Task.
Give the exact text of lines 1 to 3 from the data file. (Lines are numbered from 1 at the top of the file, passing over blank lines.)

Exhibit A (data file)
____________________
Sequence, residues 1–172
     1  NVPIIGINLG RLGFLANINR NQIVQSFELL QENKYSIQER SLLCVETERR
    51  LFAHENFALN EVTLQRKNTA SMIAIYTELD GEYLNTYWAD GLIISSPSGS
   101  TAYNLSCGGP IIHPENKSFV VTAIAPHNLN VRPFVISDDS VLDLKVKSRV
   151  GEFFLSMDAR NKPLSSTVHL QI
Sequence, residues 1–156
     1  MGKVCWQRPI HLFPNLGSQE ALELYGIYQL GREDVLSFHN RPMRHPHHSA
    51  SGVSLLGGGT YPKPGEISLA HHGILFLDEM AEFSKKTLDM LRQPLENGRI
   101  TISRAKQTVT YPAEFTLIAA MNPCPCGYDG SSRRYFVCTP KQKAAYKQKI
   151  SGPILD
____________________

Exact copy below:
Sequence, residues 1–172
     1  NVPIIGINLG RLGFLANINR NQIVQSFELL QENKYSIQER SLLCVETERR
    51  LFAHENFALN EVTLQRKNTA SMIAIYTELD GEYLNTYWAD GLIISSPSGS